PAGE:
A document dated December 2020 and jointly elaborated by GYT and MHI, provides a LIB development overview, referring to them as the lithium cobalt oxide type of LIB. Results published in GYT’s 2022 report presentation noted the “supply (of) trials products of Lithium-ion batteries for next-generation submarines”, which is understood to refer to new or more capable batteries providing extra energy and endurance.

South Korea

On 30 March 2023, South Korea’s DAPA (Defense Acquisition Program Administration) held the keel laying ceremony for the first KSS-III Batch II submarine at the Hanwha Ocean’s (previously Daewoo shipbuilding & Marine Engineering, DSME) Okpo shipyard. The KSS-III Batch II boats are the second generation of the 3,000 tonne class of locally designed and built AIP submarines, and which differ from Batch I (first generation). Batch II boats have a longer hull (5.8 m) and heavier displacement (3,600 tonnes) with reduced acoustic signature, together with a more capable propulsion plant with extended endurance, alongside longer detection range underwater sensors and expanded precision strike capability, with 10 vertical launch cells compared to the six on the first generation.

The KSS-III Batch II submarines are equipped with an AIP propulsion plant based on MTU12V4000U83 diesel engines, a PEM FC AIP (already installed on Batch I boats), and for the first time a LIB system. No information has been released on the FC AIP, but according to local media reports, the KSS-III programme boats are equipped with a locally-developed AIP based on four PEM fuel cells provided by Bumhan Industries. These each generate 150 kW, fed with oxygen (stored as LOX) and pure hydrogen (stored in metal-hydride cylinders). In 2019, South Korea’s DAPA chose Hanwha Defense as the supplier of LIBs for the KSS-III Batch II submarine programme. The latter passed rigorous tests under extreme conditions of fire exposure and suppression, saltwater immersion, short circuit, shock, electromagnetic compatibility (EMC), electromagnetic interference (EMI), and heat, while full scale (battery group) demonstrations were conducted at a dedicated land-based test site. Cells come from Samsung SDI and are based on commercial off-the-shelf (COTS) technology, similar to cell phone batteries.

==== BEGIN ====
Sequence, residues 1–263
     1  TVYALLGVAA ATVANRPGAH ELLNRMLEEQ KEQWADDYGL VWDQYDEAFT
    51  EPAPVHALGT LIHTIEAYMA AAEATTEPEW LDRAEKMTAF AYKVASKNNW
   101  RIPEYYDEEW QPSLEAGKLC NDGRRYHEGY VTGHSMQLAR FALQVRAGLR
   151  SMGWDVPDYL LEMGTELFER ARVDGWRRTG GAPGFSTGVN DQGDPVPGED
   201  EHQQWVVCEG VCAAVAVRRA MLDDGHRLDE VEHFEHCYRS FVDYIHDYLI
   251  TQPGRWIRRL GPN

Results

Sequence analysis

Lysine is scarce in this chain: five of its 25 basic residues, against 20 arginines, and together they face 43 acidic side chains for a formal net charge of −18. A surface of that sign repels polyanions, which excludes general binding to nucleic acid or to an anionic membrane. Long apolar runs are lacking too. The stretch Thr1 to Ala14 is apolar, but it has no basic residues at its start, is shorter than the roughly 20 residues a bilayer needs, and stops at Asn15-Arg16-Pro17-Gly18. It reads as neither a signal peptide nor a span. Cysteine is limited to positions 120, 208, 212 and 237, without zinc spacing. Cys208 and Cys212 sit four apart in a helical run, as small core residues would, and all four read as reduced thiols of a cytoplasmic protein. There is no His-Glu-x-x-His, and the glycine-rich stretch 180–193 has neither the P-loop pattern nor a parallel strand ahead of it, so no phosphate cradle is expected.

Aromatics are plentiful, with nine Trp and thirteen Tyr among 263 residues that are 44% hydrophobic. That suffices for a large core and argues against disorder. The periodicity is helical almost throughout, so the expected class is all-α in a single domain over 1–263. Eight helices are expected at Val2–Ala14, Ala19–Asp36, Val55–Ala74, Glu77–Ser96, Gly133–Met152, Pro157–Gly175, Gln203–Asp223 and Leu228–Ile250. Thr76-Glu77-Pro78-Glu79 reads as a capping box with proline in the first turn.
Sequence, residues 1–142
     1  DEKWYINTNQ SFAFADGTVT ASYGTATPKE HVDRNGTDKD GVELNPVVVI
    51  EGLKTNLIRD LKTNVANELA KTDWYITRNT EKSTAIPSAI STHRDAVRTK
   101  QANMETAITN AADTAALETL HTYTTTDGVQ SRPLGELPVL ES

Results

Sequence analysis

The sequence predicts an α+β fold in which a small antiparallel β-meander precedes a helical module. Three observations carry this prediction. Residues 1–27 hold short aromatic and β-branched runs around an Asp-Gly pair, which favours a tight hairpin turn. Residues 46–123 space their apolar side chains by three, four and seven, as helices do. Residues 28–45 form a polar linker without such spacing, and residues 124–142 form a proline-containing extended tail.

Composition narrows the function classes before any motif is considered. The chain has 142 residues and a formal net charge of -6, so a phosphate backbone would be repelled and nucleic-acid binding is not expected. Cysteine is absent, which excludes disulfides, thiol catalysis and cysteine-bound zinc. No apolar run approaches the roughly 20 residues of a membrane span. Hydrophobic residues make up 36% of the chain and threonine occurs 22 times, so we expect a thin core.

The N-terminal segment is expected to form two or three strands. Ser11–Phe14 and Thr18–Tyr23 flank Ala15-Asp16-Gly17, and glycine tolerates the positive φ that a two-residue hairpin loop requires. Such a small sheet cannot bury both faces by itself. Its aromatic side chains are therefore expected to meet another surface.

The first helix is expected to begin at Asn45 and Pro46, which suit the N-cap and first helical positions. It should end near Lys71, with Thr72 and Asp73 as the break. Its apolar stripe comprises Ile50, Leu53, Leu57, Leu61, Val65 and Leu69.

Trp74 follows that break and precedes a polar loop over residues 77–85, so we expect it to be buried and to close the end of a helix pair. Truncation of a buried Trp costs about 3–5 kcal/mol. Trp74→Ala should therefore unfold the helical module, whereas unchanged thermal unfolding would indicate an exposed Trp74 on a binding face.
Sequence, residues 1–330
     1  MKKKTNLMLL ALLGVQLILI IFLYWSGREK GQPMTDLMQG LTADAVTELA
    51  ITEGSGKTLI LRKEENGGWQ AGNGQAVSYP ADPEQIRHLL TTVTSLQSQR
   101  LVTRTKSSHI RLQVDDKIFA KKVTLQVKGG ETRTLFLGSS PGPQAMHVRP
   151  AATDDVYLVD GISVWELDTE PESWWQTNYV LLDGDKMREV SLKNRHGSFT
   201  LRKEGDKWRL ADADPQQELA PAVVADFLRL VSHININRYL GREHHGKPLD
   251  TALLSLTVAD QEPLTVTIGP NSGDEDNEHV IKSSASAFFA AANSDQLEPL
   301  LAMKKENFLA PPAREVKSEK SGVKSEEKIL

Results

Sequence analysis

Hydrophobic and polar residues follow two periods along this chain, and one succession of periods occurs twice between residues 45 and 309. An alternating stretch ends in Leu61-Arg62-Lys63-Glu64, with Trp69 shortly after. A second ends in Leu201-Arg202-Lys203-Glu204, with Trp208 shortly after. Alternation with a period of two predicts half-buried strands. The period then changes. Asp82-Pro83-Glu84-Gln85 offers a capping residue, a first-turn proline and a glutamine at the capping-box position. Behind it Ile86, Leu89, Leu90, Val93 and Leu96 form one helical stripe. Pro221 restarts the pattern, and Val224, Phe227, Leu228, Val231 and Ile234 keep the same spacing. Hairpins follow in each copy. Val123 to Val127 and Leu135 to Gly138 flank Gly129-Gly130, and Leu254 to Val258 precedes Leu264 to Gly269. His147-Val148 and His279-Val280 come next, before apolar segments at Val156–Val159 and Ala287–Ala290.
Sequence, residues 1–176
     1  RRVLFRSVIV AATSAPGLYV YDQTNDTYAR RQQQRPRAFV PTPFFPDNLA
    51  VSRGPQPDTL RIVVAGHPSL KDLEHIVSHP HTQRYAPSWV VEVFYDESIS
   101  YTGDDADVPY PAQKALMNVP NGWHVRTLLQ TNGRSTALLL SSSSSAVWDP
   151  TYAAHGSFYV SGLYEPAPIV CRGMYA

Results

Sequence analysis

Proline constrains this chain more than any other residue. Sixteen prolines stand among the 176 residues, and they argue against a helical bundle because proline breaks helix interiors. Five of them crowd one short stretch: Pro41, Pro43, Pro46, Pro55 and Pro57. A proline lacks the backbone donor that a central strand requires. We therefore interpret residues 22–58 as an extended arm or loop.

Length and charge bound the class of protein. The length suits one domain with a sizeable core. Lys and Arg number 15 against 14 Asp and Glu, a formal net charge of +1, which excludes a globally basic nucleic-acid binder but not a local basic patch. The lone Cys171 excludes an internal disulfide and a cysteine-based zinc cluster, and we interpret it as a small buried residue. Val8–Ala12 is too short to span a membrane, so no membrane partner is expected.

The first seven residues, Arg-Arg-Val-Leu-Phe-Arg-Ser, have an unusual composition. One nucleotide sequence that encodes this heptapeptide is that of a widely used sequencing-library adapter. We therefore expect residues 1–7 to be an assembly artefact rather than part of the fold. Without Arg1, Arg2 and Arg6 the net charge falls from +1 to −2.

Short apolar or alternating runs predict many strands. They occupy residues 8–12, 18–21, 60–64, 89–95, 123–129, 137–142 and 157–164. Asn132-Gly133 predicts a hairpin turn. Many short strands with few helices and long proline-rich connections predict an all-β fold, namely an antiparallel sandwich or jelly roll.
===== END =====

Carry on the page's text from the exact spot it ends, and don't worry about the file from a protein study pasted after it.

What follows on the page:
The KSS-III Batch II submarines are equipped with an AIP propulsion plant based on new MTU12V4000U83 diesel engines, a PEM FC AIP from Bumhan Industries and LIBs provided by Hanwha Defense.
Credit: Hanwha Defense

The new battery technology will improve energy efficiency, offering better energy density, battery life and underwater endurance compared to the preceding lead-acid battery technology. Hanwha Defense Li-ion batteries reportedly provide 160% more endurance (longer output) at economic speed and 300% more endurance at maximum speed. Lithium-ion batteries also provide double the amount of charge cycles (up to 4,000 cycles – or approximately 10 years of operational life) compared to lead-acid batteries. The first KSS-III Batch II boat will be launched in 2025.

After a couple years of trials, its delivery to the ROK Navy is currently planned for 2027. In February 2022, the South Korean Agency for Defense Development (ADD) announced the development of a methanol reforming plant for submarine fuel cells, which can improve submerged performance through hydrogen production on board the submarine, showing a system developed by DSME, today Hanwha Ocean. This technology, according to the ADD, is expected to greatly contribute to improving the performance of domestic submarines in the future.

Running Silent

As improvements in battery technology and AIP continue, conventional submarine performance remains on a consistent upward trajectory, with modern variants offering improved endurance, quieter running, and better safety compared to previous models. The market has grown to include a large number of contenders, offering a plethora of sophisticated and capable battery technology and AIP system options. As such, the market now offers perhaps more options than ever before for Navies to procure highly-capable conventional submarines.

Luca Peruzzi